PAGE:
The rest of the episode is no slouch either. While I’m one of those who lament the fact that Ikuhara’s ambition is too great for a 1-cour series, one of the strength of having only 11 episodes is that the plot is much tighter and has more purpose than his longer series. This week, for example, not only one, but three characters, are having someone close slipping away from them, although it’s hard for me to draw more parallel regarding their relationships. While Reo & Mabu and Toi & Chikai relationships go in dark places, the way Kazuki feels about Enta is in totally different light. It would make much more sense if Entai was the one saving Kazuki. By no mean, what I just said meant to be a criticism, more like an observation, given Kazuki is a MAIN main character. With Enta is in his (death)bed, it’s time for him to re-examine how much Enta meant to him and comes to learn Enta’s affection. At the same time, Keppi is revived (or more like, reanimated) and he also revives Enta (in a way) in his kappa form, although the clock is literally ticking here. Kazuki also has a chance to truly talks to his brother for the first time. Those are nice developments, albeit predictable moves to get Kazuki into the centre of conflicts.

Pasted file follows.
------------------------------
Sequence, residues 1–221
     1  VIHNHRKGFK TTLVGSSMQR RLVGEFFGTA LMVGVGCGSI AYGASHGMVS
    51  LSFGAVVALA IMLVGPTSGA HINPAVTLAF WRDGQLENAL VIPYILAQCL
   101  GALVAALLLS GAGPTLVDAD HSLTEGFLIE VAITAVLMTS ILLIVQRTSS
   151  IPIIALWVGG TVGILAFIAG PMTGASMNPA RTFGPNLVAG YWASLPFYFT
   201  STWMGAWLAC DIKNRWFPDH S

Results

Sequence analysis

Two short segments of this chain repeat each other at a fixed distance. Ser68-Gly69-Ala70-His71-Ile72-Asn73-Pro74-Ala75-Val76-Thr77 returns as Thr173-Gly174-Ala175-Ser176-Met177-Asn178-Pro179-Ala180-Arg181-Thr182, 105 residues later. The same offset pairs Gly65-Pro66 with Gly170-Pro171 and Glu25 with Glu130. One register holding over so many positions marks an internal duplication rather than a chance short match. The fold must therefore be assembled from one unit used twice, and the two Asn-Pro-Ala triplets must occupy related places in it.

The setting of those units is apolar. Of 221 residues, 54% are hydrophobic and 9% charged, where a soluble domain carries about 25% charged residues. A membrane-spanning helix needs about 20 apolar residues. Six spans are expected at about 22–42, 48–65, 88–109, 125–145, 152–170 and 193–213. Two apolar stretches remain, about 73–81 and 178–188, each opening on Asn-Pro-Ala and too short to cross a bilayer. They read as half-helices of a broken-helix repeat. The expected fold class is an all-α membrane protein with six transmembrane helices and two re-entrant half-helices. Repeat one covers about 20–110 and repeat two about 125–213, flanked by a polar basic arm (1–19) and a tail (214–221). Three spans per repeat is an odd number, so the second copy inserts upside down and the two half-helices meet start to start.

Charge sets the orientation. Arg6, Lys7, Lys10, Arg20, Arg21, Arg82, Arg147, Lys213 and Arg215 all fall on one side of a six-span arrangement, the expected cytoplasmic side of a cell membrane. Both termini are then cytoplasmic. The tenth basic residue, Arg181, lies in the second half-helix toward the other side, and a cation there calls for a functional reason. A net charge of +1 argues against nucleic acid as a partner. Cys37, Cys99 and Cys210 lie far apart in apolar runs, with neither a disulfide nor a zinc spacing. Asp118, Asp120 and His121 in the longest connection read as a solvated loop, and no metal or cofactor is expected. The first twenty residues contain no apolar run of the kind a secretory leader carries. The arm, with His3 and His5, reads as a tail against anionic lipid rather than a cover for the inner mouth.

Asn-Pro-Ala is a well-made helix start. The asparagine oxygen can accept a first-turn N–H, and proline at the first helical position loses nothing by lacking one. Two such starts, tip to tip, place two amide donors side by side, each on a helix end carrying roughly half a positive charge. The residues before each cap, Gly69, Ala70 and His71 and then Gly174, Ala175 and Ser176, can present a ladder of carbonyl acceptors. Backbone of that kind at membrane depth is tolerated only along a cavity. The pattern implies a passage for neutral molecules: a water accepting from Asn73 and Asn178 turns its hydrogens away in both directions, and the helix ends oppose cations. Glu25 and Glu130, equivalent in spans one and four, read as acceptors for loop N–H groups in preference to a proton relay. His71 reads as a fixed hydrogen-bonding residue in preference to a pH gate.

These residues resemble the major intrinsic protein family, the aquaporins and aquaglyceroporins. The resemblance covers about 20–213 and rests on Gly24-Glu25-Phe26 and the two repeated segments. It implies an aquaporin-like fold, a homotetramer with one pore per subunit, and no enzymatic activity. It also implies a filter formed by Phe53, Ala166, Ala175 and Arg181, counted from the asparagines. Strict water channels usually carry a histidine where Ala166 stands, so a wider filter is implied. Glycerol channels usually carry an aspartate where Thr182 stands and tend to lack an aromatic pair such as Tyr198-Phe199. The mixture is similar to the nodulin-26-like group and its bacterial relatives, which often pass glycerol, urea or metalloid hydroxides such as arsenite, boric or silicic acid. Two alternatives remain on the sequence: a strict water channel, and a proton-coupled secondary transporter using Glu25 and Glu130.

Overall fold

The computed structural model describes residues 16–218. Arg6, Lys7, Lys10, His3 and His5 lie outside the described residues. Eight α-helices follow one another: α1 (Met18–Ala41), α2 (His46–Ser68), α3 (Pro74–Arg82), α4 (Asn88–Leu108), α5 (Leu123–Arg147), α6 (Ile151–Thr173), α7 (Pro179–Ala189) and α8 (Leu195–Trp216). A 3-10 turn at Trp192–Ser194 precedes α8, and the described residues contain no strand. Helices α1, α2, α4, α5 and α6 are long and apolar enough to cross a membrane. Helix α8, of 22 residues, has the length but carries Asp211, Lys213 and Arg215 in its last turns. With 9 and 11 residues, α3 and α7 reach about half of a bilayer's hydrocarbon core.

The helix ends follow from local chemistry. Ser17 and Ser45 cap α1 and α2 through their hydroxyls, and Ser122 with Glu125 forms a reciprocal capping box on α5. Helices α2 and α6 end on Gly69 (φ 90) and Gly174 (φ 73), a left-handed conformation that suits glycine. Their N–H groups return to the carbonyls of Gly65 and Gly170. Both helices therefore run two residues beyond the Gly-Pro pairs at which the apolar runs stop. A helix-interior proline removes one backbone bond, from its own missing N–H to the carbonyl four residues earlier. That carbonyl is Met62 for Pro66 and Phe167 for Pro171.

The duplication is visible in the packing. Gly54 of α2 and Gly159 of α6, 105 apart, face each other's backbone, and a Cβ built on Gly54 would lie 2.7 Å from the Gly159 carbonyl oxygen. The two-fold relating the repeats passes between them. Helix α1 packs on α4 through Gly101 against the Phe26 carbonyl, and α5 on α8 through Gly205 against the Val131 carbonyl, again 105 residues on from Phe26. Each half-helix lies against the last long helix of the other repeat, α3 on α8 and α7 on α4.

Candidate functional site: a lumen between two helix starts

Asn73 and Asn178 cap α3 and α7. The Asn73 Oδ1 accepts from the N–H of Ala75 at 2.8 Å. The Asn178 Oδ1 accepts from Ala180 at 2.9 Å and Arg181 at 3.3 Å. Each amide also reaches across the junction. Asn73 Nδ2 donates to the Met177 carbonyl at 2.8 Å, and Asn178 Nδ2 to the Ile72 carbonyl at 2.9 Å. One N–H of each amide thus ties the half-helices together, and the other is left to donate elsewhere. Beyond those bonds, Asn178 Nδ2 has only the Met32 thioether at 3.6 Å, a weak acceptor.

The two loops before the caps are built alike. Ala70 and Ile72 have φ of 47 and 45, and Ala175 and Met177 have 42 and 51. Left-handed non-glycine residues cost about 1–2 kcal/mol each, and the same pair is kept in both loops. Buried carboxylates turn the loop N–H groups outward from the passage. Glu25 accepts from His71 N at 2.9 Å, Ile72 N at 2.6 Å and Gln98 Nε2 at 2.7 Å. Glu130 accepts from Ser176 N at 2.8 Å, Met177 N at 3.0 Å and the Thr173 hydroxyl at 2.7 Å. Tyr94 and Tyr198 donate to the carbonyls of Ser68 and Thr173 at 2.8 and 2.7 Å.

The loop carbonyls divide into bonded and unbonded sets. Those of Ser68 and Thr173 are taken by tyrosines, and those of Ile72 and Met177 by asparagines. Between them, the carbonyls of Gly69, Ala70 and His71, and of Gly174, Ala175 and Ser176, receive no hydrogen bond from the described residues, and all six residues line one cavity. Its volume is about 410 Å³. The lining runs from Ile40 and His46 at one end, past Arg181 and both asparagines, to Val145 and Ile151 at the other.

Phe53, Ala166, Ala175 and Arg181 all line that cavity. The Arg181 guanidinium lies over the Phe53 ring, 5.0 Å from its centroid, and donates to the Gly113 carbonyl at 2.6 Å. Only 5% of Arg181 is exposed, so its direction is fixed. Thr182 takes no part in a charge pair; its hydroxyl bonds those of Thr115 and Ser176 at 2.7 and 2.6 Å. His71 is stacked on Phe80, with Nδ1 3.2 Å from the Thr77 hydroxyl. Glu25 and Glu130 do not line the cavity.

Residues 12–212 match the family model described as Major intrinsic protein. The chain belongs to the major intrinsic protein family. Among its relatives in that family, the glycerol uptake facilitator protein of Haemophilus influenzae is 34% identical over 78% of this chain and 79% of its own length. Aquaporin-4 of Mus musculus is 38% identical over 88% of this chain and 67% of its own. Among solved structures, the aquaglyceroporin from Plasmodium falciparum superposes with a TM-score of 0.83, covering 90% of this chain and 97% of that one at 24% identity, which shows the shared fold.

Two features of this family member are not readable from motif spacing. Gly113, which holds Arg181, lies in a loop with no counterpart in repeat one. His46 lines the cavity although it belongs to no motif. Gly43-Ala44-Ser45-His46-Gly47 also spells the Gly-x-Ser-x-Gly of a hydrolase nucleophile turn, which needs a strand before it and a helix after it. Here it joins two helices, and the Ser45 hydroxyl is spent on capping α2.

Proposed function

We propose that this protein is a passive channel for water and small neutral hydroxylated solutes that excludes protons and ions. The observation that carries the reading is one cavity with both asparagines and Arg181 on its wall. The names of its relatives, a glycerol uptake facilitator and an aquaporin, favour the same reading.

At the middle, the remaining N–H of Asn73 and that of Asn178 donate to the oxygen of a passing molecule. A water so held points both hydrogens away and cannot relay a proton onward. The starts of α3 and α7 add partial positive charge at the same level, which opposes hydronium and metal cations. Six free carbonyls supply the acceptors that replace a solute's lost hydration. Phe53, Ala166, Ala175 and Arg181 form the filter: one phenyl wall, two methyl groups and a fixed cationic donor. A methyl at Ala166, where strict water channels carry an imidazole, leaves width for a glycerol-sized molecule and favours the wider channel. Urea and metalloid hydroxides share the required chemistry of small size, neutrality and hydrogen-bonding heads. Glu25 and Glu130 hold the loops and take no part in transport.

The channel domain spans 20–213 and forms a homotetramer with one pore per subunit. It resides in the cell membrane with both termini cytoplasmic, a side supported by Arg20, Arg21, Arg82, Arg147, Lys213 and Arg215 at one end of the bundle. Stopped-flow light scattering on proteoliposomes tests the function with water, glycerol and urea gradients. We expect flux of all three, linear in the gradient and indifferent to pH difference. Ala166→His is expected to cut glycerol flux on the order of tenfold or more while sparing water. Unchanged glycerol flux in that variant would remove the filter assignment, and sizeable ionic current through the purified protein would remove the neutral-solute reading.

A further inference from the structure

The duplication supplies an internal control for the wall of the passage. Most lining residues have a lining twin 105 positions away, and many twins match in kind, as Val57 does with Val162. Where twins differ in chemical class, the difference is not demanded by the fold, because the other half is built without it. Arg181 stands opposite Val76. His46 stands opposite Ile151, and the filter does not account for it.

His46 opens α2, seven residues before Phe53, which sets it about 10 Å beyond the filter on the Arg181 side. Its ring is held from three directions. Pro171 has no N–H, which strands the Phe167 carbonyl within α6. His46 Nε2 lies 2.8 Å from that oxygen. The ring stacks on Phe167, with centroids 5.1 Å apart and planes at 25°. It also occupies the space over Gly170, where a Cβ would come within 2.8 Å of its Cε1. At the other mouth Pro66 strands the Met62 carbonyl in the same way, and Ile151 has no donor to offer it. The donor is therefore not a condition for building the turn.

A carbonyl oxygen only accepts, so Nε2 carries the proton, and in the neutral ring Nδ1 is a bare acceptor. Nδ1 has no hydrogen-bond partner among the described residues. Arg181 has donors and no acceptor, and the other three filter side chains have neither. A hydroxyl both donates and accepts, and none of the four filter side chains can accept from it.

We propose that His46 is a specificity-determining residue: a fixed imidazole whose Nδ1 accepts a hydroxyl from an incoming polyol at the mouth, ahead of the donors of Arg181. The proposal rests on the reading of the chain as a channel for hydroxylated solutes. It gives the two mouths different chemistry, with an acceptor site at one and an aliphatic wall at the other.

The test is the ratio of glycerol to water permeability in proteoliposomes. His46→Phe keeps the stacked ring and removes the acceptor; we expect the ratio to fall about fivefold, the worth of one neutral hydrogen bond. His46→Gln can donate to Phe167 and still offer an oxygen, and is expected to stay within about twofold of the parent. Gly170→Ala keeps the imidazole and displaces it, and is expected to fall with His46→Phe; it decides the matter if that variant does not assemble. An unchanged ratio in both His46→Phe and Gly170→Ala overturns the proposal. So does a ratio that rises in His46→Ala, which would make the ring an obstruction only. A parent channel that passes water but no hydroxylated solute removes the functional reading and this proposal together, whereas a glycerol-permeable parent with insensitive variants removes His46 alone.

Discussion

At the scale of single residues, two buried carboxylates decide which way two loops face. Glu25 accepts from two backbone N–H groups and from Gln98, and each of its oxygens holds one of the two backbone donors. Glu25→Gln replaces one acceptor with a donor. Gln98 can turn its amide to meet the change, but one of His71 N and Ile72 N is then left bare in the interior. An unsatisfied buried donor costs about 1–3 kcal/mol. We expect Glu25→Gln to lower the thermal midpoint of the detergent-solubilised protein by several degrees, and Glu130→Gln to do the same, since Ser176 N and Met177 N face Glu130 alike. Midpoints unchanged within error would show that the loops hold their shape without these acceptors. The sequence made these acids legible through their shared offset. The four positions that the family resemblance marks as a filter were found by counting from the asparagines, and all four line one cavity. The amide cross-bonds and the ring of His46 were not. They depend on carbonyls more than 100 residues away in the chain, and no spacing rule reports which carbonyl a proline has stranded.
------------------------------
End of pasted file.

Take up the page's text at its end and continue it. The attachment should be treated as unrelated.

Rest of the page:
Because the other threads aren’t that straight-forward. I must say that even now I don’t really buy the Otter vs Kappa war and I’m glad that it isn’t really the focus of Sarazanmai. In fact, this episode gives some reasons for me to care about Mabu and Reo. Reo has been struggling with the feeling he has for  the new Mabu (love or desire), one who has similar appearances yet behaves like a stranger. But the interesting twist happens when the red-eye otter intimating himself as Reo to suck out the “desire” from Mabu. The fake-Reo inserts that he’s the “desire” inside Reo, more as an implication that Reo’s love for Mabu is all about desire and obsession. The other interesting angle is that Reo keeps rejecting the current-Mabu. What if it wasn’t Mabu but Reo’s own perspective change? In any case this thread weaves tightly the the “connection” theme and to the main overarching narrative. And speaking of that, the fact that both Otter King and Keppi have the same red eyes strike me as odd. Maybe they are more similar than you would think.